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Profile Status
Master Student
Date of Enrolment
September 23, 2016
Primary Advisor
ASAMI Yasushi
I’m an interdisciplinary social scientist doing science-policy research that bridge the gap between climate change adaptation-disaster risk management (CCA-DRM) and policy-making for the attainment of sustainable development.

Before studying the Master of Sustainability Science at the University of Tokyo, I worked for more than three years helping policy-makers in the Philippines and other developing countries establish sustainable governance systems that are resilient and adaptive to climate change and other environmental hazards. I particularly helped them by publishing actionable research studies related to the urban governance of CCA-DRM, with natural and social scientists, as: a Research Analyst at the Earthquakes and Megacities Initiative; a Researcher at the Oscar M. Lopez Center for Climate Change Adaptation and Disaster Risk Management; and a Research Assistant at the Manila Observatory.

I got started in my CCA-DRM research career when I became interested in environmental issues and challenges, as related to social and economic development, after being asked to read for class Fred Magdoff and John Bellamy Foster’s book, “What Every Environmentalist Needs to Know About Capitalism,” by one of my professors at the University of the Philippines in Manila, where I obtained my Bachelor of Arts in Development Studies.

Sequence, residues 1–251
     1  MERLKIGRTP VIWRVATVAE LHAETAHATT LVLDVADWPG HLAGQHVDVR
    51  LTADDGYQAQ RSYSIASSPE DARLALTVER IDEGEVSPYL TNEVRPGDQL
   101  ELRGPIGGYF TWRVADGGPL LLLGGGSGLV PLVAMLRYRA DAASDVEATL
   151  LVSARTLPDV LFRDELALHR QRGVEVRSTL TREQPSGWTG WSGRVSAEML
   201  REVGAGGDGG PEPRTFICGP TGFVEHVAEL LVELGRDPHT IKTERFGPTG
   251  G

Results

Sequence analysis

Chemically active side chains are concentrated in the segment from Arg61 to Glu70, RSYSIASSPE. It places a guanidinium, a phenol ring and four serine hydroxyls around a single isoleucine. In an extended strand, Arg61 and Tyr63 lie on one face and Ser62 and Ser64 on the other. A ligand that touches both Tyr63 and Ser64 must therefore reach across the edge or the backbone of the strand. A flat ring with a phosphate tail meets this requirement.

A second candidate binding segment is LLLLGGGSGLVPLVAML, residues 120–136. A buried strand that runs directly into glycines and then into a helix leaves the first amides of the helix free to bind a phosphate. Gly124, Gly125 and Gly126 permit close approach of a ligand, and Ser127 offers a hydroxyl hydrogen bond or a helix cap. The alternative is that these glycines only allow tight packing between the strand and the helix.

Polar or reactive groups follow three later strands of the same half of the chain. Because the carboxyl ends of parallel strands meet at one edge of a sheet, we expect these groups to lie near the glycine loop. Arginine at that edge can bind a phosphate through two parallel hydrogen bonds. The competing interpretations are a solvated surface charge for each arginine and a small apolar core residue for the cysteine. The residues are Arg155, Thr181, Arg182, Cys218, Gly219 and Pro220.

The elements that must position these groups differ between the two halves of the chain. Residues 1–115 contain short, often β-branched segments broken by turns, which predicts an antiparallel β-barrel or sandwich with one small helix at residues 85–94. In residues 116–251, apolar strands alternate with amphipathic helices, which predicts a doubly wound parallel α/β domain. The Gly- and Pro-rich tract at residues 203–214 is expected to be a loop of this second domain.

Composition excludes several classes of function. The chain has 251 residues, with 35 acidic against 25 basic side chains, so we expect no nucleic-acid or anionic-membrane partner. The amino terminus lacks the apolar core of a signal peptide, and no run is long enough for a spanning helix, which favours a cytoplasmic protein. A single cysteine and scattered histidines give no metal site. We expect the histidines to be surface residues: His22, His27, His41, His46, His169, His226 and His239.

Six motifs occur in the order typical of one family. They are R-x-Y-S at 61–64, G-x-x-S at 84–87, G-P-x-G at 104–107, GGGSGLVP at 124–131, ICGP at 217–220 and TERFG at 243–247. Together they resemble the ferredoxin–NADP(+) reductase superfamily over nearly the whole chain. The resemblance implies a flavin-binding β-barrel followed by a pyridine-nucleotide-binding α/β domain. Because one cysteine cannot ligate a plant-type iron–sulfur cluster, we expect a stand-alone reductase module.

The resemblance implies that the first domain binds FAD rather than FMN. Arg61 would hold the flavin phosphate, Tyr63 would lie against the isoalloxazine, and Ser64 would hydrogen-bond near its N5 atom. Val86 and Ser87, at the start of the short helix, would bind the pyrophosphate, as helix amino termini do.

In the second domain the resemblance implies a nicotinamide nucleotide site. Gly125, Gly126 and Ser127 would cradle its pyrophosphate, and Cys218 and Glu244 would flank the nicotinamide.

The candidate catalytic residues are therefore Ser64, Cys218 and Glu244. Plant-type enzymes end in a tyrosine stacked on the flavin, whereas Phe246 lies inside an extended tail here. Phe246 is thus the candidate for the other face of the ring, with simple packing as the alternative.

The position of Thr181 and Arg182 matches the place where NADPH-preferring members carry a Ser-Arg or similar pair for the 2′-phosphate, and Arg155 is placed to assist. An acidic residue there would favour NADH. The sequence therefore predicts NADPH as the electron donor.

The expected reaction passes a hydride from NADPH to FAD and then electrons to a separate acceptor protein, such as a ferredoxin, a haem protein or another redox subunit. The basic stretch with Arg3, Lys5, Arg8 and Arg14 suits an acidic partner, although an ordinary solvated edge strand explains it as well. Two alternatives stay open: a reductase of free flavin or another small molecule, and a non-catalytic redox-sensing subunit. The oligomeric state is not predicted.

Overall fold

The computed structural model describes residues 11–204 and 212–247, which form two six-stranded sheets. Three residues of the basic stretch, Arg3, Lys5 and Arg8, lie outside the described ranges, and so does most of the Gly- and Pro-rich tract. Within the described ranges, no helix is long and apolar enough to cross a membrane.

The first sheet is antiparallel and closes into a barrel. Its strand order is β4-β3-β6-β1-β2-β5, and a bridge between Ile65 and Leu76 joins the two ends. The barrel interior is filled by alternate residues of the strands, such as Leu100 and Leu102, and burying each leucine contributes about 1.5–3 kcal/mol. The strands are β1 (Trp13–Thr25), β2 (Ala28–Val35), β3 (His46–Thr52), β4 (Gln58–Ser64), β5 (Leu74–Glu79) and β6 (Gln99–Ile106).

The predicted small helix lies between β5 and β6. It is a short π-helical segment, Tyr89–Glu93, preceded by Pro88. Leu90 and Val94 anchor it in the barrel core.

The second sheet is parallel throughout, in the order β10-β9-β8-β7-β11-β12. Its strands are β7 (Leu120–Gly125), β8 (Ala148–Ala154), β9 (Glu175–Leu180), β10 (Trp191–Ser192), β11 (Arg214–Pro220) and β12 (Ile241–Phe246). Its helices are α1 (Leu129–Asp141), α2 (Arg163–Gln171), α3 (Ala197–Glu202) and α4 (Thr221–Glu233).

Outside of studying and research, I love to go on food trips, play badminton, swim, discover underground music, and from time to time, sing loud to karaoke.
Research Title
A Comparative Case Study on Risk-Sensitive Land Use Planning Among Selected Local Government Units in Metro Manila, Philippines (Working Title)
Reserch Keywords
risk-sensitive land use planning, adaptive capacity, climate change adaptation, disaster risk management, and sustainable development
Research Interests
climate change adaptation, disaster risk management, sustainable development, risk-based development planning, earth system governance, and science-policy nexus